chickenpox Vaccination needed for the high risk teens

Source_The Star letter: Vaccinate the high risk teens

WITH our prime minister recovering from chickenpox, a fair amount of discussion on the subject has come up in the press. A renowned dermatologist was quoted in The Star on Nov 3 as saying that vaccinating against chickenpox will not be of much benefit unless targeted at susceptible groups.

The paediatric community begs to differ on this issue as the susceptible group makes up 30% to 40% of all normal adults aged 21-30 years (as shown in serological tests on 2,450 and 1,000 individuals in Malaysia in 1991-93 and 2001-03).

It has been shown that universal chickenpox vaccination in the US has significantly reduced morbidity and mortality related to complications of the disease.

The complications in adults affected by chickenpox tend to be more severe with skin scarring and sometimes loss of vision and brain inflammation.

Infection of a mother in the first half of pregnancy may result in congenital varicella syndrome with deformed limbs, abnormal head size and mental retardation in the newborn.

Infection in very late pregnancy results in severe neonatal chickenpox that has the potential of being life threatening.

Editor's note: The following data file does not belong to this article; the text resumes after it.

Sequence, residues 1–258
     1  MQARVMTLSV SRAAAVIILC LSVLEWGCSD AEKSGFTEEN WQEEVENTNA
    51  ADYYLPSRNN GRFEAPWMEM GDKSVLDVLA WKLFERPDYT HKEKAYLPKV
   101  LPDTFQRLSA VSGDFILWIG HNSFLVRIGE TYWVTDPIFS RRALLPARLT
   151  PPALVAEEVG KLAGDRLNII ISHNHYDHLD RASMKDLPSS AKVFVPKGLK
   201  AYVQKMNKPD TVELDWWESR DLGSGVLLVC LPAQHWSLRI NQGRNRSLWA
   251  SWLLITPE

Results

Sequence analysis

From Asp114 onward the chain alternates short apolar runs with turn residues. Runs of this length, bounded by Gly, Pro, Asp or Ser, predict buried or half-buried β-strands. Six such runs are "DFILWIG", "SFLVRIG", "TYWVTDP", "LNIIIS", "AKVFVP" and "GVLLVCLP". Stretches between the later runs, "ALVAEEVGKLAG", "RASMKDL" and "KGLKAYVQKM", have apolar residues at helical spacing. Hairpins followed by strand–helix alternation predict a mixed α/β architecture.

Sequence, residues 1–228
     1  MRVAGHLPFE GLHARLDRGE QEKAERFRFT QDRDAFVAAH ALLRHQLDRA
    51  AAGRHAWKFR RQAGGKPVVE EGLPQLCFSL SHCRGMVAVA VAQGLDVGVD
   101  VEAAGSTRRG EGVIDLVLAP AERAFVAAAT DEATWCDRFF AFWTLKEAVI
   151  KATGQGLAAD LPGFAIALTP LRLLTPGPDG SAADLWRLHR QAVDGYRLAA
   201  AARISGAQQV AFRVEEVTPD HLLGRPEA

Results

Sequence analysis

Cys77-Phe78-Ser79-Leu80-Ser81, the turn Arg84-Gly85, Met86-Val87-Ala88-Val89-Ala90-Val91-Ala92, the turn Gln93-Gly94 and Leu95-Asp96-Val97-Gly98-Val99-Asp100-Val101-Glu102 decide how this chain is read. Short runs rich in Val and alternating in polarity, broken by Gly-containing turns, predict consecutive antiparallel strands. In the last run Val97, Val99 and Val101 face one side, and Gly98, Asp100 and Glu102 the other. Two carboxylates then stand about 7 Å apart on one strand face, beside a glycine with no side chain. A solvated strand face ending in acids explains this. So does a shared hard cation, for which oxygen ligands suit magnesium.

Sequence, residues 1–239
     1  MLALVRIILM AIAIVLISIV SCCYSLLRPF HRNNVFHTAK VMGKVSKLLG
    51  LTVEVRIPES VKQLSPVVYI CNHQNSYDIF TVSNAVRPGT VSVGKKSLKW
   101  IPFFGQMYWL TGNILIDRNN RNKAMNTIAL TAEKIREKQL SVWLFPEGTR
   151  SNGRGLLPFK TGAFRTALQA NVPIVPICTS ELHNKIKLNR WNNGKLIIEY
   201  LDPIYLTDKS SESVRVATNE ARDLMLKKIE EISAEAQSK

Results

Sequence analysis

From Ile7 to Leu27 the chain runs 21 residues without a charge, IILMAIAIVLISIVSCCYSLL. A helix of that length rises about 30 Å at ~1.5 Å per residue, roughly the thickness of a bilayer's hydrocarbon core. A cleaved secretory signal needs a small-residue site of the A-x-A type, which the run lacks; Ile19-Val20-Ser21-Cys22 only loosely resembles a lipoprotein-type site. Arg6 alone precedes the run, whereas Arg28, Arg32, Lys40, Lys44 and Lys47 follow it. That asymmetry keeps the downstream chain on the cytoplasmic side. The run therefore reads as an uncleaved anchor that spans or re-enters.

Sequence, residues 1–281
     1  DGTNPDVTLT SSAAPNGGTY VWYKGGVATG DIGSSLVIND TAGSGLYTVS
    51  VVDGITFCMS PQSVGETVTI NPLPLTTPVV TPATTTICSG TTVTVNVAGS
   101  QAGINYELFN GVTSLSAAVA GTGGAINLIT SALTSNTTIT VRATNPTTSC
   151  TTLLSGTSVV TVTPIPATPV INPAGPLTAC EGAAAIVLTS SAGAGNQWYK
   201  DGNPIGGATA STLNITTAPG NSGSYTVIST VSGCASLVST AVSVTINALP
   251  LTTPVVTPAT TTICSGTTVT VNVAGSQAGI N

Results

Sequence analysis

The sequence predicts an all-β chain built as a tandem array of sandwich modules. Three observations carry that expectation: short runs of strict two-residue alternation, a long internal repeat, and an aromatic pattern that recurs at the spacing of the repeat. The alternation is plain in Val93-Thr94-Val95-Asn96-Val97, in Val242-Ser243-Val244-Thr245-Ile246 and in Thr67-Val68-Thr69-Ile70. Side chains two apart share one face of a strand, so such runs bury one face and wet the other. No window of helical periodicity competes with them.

There are many more complications that are seen by paediatricians and physicians, enough for us to propose two-dose chickenpox vaccination for all children.

At present, private practitioners are offering the vaccine to children but there is a large group of teenagers who attend the National Service every year who are prone to the infection due to the close proximity of youths involved in the training programme.

While we understand that universal chickenpox vaccination for children will cost the Government a great deal of money, we should also bear in mind the complications, physical, emotional and economical, of the disease that is often thought of as being mild.

Those at highest risk are the National Service teens huddled up in camps all over the country for weeks together.

These youths should be protected with the vaccine, while inclusion of the vaccine in the national immunisation programme can be considered in the future.

DATUK DR ZULKIFLI ISMAIL,

Past president,

Malaysian Paediatric Association.

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